Technology on the Brain: Lawmakers, Scientists Team Up for TBI Solutions
Sally Mastroberti walked into the main foyer of the Rayburn House Office Building in Washington, D.C. and breathed a long, slow sigh of relief.
"I spent a long time trying to find answers," she said. "Glad I wasn't the only one."
Following her daughter Lila's grueling recovery from a concussion suffered in 2013, Mastroberti joined Positive Strides, a non-profit organization dedicated to helping high school and college athletes recover from head injuries. Standing alongside the dozens of other, similar TBI awareness groups and advanced technology vendors attending the annual "Brain Injury Awareness Day on Capitol Hill" event on March 20, Mastroberti finally felt amongst friends.
"Back when it first happened we tried everything from vision therapy to acupuncture," she said. "We didn't know all this other stuff was out there."
Lila, a scholarship athlete at High Point University, suffered her head injury during her sophomore lacrosse season and eventually had to leave school briefly, resulting in her eventually losing her scholarship in the process. According to Sally, the ensuing months stretched on forever as Lila battled a slew of related health issues.
"The concussion happened on a Friday and by the time I saw Lila just two days later, she was a different girl," she said.
Co-hosted by the Brain Injury Association of America and the bi-partisan Congressional Brain Injury Task Force, "Brain Injury Awareness Day on Capitol Hill" was conceived 17 years ago as a means to draw attention to a growing problem both inside and outside of the U.S. military.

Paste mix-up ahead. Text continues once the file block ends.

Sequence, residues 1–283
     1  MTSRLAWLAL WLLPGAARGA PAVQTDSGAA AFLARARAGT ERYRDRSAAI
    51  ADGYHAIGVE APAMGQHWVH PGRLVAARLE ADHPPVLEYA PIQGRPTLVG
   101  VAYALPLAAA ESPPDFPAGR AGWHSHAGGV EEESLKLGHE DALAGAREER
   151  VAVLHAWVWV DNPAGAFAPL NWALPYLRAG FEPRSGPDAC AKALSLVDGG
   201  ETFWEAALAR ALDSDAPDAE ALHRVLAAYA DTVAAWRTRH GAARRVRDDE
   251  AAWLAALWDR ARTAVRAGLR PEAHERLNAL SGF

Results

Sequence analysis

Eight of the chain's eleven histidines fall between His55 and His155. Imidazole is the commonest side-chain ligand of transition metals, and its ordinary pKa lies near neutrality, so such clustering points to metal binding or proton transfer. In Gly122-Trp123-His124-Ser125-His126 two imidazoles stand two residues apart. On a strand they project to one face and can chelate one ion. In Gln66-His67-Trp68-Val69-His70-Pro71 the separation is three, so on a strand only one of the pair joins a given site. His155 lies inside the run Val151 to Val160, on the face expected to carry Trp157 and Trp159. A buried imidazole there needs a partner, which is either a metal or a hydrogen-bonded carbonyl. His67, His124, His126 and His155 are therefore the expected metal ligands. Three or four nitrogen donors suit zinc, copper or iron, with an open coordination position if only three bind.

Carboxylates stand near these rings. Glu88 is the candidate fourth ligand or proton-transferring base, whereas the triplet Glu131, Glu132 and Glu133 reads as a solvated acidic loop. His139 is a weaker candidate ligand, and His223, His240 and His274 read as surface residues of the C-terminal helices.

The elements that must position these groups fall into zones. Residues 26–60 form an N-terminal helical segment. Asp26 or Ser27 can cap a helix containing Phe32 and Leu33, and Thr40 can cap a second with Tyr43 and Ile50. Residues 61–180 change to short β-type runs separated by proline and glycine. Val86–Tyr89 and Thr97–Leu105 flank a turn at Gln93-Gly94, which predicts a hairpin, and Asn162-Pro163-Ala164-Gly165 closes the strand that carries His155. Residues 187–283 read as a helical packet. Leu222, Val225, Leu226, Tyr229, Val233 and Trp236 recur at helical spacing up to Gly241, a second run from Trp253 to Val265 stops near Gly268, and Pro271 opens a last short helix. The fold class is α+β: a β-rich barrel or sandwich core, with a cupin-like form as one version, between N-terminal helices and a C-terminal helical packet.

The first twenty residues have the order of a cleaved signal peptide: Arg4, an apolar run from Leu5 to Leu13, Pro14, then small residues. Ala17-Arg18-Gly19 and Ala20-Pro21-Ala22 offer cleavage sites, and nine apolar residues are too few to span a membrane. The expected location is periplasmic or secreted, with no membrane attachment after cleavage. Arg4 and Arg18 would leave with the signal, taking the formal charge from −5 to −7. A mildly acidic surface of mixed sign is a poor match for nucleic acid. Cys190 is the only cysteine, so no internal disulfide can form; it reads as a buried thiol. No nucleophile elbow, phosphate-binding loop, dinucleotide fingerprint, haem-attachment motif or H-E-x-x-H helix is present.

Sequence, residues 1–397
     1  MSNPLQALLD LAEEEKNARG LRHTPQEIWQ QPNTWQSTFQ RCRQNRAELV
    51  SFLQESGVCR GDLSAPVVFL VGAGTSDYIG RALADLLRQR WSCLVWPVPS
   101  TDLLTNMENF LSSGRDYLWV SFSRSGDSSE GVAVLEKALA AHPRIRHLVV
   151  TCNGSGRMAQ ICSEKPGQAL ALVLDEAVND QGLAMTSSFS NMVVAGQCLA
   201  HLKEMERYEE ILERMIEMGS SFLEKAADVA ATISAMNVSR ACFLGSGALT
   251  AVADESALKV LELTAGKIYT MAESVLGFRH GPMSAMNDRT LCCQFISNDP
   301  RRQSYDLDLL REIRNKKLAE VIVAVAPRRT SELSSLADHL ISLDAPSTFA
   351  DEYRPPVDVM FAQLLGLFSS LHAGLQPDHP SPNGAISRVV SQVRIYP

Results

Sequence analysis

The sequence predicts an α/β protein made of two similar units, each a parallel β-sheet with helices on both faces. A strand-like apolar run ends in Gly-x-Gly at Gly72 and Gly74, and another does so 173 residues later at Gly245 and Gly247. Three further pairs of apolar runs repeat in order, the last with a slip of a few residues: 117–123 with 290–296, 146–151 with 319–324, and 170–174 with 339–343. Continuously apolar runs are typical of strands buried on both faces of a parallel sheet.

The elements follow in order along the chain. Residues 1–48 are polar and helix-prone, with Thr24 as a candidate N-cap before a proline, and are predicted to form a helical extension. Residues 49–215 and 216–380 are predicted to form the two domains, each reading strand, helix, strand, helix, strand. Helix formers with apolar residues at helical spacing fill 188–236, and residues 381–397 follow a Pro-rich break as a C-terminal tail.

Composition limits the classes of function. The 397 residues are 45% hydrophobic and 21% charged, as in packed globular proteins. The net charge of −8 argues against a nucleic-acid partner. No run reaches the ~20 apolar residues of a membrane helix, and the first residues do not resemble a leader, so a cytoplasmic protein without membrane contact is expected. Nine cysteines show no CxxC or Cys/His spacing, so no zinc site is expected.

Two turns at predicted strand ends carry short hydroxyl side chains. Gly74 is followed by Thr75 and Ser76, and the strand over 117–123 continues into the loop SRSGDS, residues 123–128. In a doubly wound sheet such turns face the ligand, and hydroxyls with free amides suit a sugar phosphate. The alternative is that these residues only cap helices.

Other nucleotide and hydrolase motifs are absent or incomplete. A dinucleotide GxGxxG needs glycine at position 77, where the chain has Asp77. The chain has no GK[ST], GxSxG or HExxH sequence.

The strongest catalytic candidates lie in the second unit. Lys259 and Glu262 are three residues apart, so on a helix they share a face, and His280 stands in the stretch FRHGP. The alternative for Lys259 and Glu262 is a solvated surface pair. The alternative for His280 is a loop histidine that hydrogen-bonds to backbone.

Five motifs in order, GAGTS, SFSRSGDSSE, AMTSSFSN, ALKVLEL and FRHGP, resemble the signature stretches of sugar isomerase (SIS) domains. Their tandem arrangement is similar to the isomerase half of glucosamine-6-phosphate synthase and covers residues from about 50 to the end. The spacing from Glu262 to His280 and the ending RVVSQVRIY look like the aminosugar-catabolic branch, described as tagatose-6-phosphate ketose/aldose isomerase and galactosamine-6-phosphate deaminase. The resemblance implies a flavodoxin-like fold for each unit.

"Helping people at risk, regardless, of where they are, underpins everything we do," said Dr. Marcello Pilia, Nuerotrauma & Traumatic Brain Injury Portfolio Manager for the U.S. Army Medical Research and Materiel Command's Combat Casualty Care Research Program.
Annual reported incidents of TBI among active-duty military personnel have more than doubled since 2000, while annual TBI-related hospitalizations and deaths amongst the larger American public have increased substantially in recent years according to federal data. With those numbers as a backdrop, "Brain Injury Awareness Day on Capitol Hill" brought together more than 50 hospitals, non-profit organizations, vendors, corporate partners, and government entities to share new and evolving research with the American public.
"This is the most important thing we can do is call attention to this issue," said Rep. Bill Pascrell, co-chair of the event, during a guided tour of the technological advancements developed by the CCCRP.
For someone like Sally Mastroberti, who's also a former collegiate athlete herself, the technologies on display on Capitol Hill are the keys to moving forward. Just as her daughter found her footing with physical therapy and cranial massages, so too can someone else find help in more high-end alternatives.
"These things represent a new reality," said Mastroberti, "and maybe also a break from the constant reality of living with a TBI."